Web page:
I wrote about the Emerald Views condo meeting yesterday for Novometro. Today, there’s a story in the Chronicle about the project.
It contains the usual nonsensical babblings from anti-growth zealots who have somehow failed to notice that Lake Merrit is actually already surrounded by tall buildings. As for this “historic garden” nonsense, I addressed that issue last year in a post on Future Oakland, as did dto510.
And of course the story mentions (without any exploration of feasibility) this idiotic notion these people keep bringing up about trading the property for something near Broadway:
Councilwoman Nancy Nadel, whose district includes the western side of Lake Merritt, said she believes the tower might be better located on Broadway. Preservationists hope O’Keeffe will be willing to do a land swap to locate the high-rise away from the lake’s edge.
Nadel said the city’s general plan provides no height restrictions on the lake’s western edge. In September, city planners are expected to propose guidelines, which would then go to zoning officials and the City Council.
Okay, first. There are more tall buildings by the lake than on Broadway. They are taller than the buildings on Broadway. This project, as proposed, is only 5 feet taller than the current tallest building in Oakland, which sits only two blocks away, on the Lake! The tower would not be on the “lake’s edge.” It would be behind an already existing (historic) lakeside high-rise apartment building. I have no idea where this idea that the “Broadway corridor” is more appropriate for skyscrapers comes from. I can only conclude that Nancy Nadel has never taken a walk around downtown. She also is apparently unaware of the fact that a surface parking lot on 17th and Broadway has been entitled for high-rise residential for years and nobody is willing to build there because it is a terrible location for apartments.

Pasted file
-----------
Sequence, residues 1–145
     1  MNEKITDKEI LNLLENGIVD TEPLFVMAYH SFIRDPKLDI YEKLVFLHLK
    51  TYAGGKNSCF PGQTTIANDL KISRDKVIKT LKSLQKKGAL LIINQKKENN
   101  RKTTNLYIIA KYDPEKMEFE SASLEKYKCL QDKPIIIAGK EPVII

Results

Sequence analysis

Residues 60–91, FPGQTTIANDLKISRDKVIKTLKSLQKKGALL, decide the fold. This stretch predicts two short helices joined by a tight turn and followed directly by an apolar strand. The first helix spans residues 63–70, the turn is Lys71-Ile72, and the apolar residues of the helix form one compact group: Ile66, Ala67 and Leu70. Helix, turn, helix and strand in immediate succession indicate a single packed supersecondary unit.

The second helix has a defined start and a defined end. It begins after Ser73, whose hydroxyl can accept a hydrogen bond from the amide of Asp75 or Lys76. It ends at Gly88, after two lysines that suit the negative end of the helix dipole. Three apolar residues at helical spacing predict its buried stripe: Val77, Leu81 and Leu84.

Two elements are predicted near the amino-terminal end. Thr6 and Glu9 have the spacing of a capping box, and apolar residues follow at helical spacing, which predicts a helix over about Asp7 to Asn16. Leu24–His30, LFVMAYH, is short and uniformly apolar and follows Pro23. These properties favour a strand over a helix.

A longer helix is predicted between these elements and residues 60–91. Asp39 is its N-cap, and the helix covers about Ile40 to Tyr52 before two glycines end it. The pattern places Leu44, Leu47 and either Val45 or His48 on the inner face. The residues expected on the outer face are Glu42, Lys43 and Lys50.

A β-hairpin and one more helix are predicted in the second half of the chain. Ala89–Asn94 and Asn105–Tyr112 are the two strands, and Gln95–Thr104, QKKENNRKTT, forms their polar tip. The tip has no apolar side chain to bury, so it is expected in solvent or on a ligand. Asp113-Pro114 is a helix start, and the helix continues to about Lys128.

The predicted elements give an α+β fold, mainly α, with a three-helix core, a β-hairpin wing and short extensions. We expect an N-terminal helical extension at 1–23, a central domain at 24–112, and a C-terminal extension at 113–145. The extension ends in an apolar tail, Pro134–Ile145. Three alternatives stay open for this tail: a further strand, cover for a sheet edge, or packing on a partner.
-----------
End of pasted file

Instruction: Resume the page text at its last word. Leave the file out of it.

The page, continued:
Second, what land do these people think we’re going to swap? We don’t have any land! This is so infuriating. Do advocates of the swap seriously think that our tax money should be spent purchasing an equally desirable and developable plot of land for millions of dollars to give to a developer in exchange for a mostly dead lawn that wouldn’t even be open to the public? The concept is terrifying to me.
Don’t even get me started on the idiot on the Grand Lake Guardian who referred to this high-rise infill development as “sprawl.”
In other news, Nancy Nadel’s hypocrisy continues to astonish me. Just last week she and Pat Kernighan held a meeting about how to reduce to bird population around Lake Merritt, and today she’s in the paper saying:
The lake, Nadel said, is also a bird sanctuary and the well-being of birds should be taken into consideration when the city decides what type of development to allow.